What are normal proficiency targets for college-level foreign language programs? In this presentation, we update Carroll’s influential 1967 study with new data, and with new reasons for looking at the data. We provide an overall picture of the level of language proficiency attained by undergraduate students in the U.S. based on 5,241 ACTFL (Language Testing International) proficiency tests (2,036 speaking tests, 1,641 reading tests, and 1,564 listening tests) administered to students in six college-level language programs (Arabic, Chinese, French, Portuguese, Russian and Spanish) across three public institutions. We present the results per language by showing the data displayed as violin plots. We will walk the audience through the graphs so that attendees can easily visually inspect the shape of the data within programs and by year, and quickly see where in the academic programs specific groups of students are. That is, we divide proficiency attainment by students’ heritage status, the students’ number of years of kindergarten through twelfth grade learning of the target language, and the students’ postsecondary curricular level (first, second, third, or fourth) of instruction. We discuss the effect of heritage status and K–12 study on attainment by language. We discuss how most educators think of upper-division language learners as primarily majors or minors, but we demonstrate that by doing so, a large portion of those studying languages may not be taken into consideration. We end by showing that the data from this study are stored in freely accessible and downloadable files at the Inter-University Consortium for Political and Social Research (ICPSR) at the University of Michigan (Winke, et al., 2020), and we demonstrate how audience members can download the data to use at will.  

An Ecological Approach to Pedagogy, Program Direction, and Graduate Teacher Education

Bridget Swanson, University of Vermont

This presentation proposes that an ecological approach to language teaching and curriculum can address some of the long-standing problems and limitations of university language education, in particular those of language pedagogy, program direction, and graduate teacher education. This entails framing language program and department as complex dynamic systems toward two intertwined goals. First, in an ecological perspective, the ostensible and much discussed curricular and administrative bifurcation of language departments (James, 1997; MLA, 2007) becomes merely one element or even a by-product of forces inherent to the institutional ecosystem rather than the proximate cause of tensions and limitations of post-secondary language education. This permits us to untether our conception from solely hierarchical to networked, nodal interrelationships. Second, this reframing opens pathways to confront insidious structural limitations and power dynamics that continue to hamstring the humanistic potential of collegiate language education by facilitating human capabilities and creativity for all agents (actors) in the system, from the individual learners to graduate students to tenure-line and non-tenure-line faculty members. It also catalyzes the pursuit of social justice and ultimately the “decolonization” of additional language learning, as an ecological perspective not only permits but compels accounting for salient political and social dimensions of the system (Criser & Malakaj, 2020; Macedo, 2019). After outlining the programmatic and pedagogical principles of this reframing, I conclude with a potential preliminary research agenda implicated by apprehending the language program and department as complex, dynamic educational ecosystems.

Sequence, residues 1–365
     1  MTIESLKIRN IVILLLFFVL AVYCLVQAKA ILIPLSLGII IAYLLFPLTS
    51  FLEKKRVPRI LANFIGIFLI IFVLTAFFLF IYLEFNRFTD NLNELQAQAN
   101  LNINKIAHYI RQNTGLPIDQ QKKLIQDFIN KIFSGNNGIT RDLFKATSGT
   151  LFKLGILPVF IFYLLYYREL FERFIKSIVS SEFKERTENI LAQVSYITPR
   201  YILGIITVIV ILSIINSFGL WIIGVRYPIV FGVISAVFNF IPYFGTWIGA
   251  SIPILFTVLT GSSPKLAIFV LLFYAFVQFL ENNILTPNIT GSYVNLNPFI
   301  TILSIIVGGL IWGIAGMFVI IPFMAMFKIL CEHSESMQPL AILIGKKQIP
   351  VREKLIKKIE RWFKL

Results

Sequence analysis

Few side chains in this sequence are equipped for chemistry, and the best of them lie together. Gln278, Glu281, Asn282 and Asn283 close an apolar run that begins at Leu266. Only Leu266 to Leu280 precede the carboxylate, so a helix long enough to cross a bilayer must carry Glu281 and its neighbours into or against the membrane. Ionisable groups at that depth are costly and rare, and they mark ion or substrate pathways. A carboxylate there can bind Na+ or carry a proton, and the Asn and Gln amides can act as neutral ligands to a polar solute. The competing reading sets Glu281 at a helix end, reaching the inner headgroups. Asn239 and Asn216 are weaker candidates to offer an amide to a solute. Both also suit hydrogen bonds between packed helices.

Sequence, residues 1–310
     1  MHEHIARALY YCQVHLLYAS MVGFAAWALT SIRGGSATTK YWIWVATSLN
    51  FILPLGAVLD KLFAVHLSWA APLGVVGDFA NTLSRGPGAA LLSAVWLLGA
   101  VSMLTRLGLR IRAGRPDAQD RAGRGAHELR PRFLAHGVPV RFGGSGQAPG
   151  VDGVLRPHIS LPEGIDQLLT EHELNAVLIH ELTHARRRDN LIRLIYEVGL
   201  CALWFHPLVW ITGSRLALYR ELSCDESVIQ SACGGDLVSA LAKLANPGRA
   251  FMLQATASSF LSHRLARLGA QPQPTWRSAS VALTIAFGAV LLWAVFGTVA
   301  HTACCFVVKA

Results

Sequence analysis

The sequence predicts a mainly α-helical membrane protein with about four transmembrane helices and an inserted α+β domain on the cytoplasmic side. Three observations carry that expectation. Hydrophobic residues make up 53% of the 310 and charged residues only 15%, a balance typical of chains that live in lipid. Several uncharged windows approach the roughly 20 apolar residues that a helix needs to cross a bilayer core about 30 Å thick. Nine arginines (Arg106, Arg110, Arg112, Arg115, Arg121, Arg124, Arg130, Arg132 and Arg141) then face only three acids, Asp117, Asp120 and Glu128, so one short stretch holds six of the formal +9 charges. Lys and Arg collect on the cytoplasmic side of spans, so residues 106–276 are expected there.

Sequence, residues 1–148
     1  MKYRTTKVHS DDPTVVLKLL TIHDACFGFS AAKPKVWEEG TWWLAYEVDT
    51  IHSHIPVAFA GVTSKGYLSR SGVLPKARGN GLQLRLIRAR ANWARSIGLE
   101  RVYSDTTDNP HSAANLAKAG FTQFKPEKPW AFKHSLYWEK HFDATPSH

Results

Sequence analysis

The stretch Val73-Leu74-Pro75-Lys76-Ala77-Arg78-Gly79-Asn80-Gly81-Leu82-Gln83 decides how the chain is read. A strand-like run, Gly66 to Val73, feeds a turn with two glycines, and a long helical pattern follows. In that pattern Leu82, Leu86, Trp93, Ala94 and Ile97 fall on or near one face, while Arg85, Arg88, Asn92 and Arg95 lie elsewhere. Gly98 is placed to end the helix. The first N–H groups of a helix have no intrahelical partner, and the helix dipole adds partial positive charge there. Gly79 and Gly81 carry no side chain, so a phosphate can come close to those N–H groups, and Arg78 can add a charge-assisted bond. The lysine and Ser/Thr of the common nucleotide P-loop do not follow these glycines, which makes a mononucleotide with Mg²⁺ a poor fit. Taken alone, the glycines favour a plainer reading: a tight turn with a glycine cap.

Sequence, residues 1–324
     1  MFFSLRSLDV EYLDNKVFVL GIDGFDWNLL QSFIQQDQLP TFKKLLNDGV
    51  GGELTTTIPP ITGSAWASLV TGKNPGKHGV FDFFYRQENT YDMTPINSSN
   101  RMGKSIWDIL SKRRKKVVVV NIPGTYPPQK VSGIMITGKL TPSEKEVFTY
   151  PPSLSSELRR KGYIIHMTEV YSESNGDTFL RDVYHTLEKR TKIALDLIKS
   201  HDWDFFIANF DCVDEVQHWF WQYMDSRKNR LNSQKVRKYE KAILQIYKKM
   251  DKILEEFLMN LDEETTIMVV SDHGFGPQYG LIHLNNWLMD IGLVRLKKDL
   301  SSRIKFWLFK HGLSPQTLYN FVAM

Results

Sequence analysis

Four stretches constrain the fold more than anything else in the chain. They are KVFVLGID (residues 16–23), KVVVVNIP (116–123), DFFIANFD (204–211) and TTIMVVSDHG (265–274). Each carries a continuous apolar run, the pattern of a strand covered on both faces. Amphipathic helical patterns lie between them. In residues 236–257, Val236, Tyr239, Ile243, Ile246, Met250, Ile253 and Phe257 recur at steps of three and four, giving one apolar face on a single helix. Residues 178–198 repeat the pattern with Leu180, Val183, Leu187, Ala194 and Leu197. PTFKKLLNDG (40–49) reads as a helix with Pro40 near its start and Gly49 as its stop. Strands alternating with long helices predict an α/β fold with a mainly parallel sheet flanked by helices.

Re-envisioning L2 Hybrid and Online Courses as Digital Open Learning and Teaching Environments: Opportunities and Challenges

Joshua Thoms, Utah State University

The growing number of hybrid and online postsecondary second language (L2) courses in the U.S. (Blake & Guillén, 2020), coupled with the emergence of the open education movement (Jhangiani & Biswas-Diener, 2017) and concomitant proliferation of digital tools (Kessler, 2018), is changing traditional notions of and approaches to L2 teaching and learning. The current pandemic is also playing a significant role in how language educators and students engage with each other and the L2 in hybrid and fully online environments. The aforementioned developments present both opportunities and challenges for L2 learning and teaching and, more broadly, for the language education field.